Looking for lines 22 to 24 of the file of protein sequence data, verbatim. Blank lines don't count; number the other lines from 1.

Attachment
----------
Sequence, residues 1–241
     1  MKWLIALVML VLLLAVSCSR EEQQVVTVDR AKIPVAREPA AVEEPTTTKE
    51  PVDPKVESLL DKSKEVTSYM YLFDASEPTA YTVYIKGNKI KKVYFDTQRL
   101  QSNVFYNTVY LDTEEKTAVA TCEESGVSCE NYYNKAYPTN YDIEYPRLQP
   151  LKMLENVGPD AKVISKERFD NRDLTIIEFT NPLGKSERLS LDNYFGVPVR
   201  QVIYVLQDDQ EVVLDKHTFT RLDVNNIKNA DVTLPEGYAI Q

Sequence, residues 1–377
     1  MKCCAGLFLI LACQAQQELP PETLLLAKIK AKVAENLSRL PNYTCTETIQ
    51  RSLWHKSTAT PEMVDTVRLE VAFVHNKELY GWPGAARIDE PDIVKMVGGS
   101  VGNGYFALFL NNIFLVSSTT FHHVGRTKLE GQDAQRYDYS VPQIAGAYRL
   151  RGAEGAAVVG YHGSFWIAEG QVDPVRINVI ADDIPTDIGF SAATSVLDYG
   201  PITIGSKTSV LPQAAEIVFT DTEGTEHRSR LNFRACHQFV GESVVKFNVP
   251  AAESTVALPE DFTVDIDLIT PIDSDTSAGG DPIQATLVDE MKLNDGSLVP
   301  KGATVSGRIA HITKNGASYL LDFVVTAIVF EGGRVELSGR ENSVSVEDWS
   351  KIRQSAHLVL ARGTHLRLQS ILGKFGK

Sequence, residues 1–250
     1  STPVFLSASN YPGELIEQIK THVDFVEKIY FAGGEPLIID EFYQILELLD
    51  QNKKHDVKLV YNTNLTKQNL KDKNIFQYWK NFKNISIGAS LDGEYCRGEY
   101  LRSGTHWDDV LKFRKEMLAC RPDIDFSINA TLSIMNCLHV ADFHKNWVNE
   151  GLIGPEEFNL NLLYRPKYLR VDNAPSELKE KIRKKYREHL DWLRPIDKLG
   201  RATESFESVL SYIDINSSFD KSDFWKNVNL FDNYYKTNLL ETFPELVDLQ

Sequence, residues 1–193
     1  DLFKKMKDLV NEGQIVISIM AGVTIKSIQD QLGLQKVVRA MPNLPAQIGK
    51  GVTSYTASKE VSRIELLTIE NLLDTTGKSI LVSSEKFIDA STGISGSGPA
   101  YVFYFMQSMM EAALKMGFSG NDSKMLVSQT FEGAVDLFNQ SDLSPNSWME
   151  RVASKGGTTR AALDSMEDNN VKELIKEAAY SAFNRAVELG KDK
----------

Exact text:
Sequence, residues 1–193
     1  DLFKKMKDLV NEGQIVISIM AGVTIKSIQD QLGLQKVVRA MPNLPAQIGK
    51  GVTSYTASKE VSRIELLTIE NLLDTTGKSI LVSSEKFIDA STGISGSGPA